US Federal Reserve stress tests

Company News

by Glenn Dyer

The US Federal Reserve has given the country’s biggest banks, including some big regionals and credit card operators, a clean bill of health in its latest stress tests.

The tests, conducted earlier this year, found that the banks would be able to withstand a severe recession scenario while maintaining their ability to lend to consumers and corporates. The results showed that each of the 31 banks in these tests cleared the hurdle of being able to absorb losses while maintaining more than the minimum required capital levels, the Fed said in a statement.

The Fed found levels of high-quality capital at the banks would dip to 9.9% at their lowest levels, which is more than twice the regulatory minimum.

The stress test assumed that unemployment surges to 10% (around 4% now), commercial real estate values plunge 40%, and housing prices fall 36%.

“This year’s results show that under our stress scenario, large banks would take nearly $685 billion in total hypothetical losses, yet still have considerably more capital than their minimum common equity requirements,” Michael Barr, the Fed’s vice chair for supervision, said in the statement.

“This is good news and underscores the usefulness of the extra capital that banks have built in recent years.”

The Fed’s stress test is an annual event that checks to see that banks and other lenders are maintaining enough capital cushions to handle bad loans and other losses.

The results, in turn, dictate the size of share repurchases and dividends. The banks in the survey are expected to start revealing their new capital management measures on Friday.

The tests again included giants like JPMorgan Chase, Bank of America, Goldman Sachs, Morgan Stanley, Citi, regional lenders like Truist and KeyCorp, and credit card groups like Amex and Discover.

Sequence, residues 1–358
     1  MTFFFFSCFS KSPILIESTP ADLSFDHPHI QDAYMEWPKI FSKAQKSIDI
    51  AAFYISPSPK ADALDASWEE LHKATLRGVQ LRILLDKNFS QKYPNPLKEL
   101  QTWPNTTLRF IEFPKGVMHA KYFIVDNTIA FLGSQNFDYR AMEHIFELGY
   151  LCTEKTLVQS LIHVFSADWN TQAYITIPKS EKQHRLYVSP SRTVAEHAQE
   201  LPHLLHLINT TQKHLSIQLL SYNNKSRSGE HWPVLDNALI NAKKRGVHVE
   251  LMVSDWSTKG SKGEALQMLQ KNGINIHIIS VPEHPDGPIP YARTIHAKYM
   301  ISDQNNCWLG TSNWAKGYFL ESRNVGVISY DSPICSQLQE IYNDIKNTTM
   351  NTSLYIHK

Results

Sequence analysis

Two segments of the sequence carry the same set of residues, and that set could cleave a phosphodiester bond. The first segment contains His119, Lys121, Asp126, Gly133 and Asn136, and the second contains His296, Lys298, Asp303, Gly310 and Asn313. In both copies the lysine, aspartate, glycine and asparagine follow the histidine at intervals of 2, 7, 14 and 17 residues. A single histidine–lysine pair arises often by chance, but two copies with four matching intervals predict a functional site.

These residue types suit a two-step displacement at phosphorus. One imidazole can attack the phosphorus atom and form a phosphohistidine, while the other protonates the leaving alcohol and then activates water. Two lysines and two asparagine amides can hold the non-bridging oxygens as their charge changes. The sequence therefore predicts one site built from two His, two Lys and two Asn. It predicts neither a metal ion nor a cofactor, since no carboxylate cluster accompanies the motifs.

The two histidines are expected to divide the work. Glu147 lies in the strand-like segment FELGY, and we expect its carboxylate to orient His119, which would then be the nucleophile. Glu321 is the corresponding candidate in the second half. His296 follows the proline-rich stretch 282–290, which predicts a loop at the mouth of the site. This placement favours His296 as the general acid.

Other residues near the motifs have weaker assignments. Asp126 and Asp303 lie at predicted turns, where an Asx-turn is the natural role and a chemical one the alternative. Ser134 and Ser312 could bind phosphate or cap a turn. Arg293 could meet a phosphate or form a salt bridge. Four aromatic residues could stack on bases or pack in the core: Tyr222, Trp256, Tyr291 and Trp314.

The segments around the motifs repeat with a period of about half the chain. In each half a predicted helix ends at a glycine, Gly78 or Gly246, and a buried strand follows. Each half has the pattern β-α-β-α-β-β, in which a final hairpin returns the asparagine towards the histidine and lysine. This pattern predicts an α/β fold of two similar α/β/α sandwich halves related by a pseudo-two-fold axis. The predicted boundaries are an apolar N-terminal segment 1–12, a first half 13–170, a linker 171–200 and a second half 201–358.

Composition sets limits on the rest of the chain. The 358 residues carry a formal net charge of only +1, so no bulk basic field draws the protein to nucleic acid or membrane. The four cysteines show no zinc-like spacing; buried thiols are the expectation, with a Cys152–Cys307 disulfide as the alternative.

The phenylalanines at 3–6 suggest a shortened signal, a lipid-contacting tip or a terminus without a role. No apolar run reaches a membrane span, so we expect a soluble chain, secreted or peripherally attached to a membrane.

While no bank was caught off guard by this year’s tests (based on similar economic events to 2023), the aggregate capital loss was 2.8 percentage points, which was worse than last year’s fall.

Analysts said that’s because the industry is holding more consumer credit card loans and more corporate bonds that have been downgraded. Lending margins were also squeezed compared to last year, according to the Fed.

Of the banks tested, Charles Schwab Corp reported the highest capital levels under the test, posting a 25.2% capital ratio under that severe scenario. Bank of New York Mellon Corp, JPMorgan Chase, Morgan Stanley, Northern Trust, and State Street all reported double-digit capital ratios after the test, as did the US operations of Deutsche Bank and UBS.

But some smaller lenders saw their capital levels fall close to the minimums, with BMO, Citizens Financial Group, and HSBC all reporting stressed capital ratios below 7%.

The largest banks all posted capital ratios well above minimums, with JPMorgan posting the highest at 12.5% and Wells Fargo the lowest at 8.1%. Bank of America posted a 9.1% capital ratio, and Citigroup posted a 9.7% ratio.

These results will dictate the size of any dividend increases and share buybacks that are announced on Friday.

A year ago, JPMorgan, Wells Fargo, Citi, Morgan Stanley, Bank of America, and Goldman Sachs all announced higher dividends and/or share buybacks after the results of the 2023 tests were released. Some banks announced new buyback plans, while others turned their existing schemes back on.

Glenn Dyer

Glenn Dyer has been a finance journalist and TV producer for more than 40 years. He has worked at Maxwell Newton Publications, Queensland Newspapers, AAP, The Australian Financial Review, The Nine Network and Crikey.

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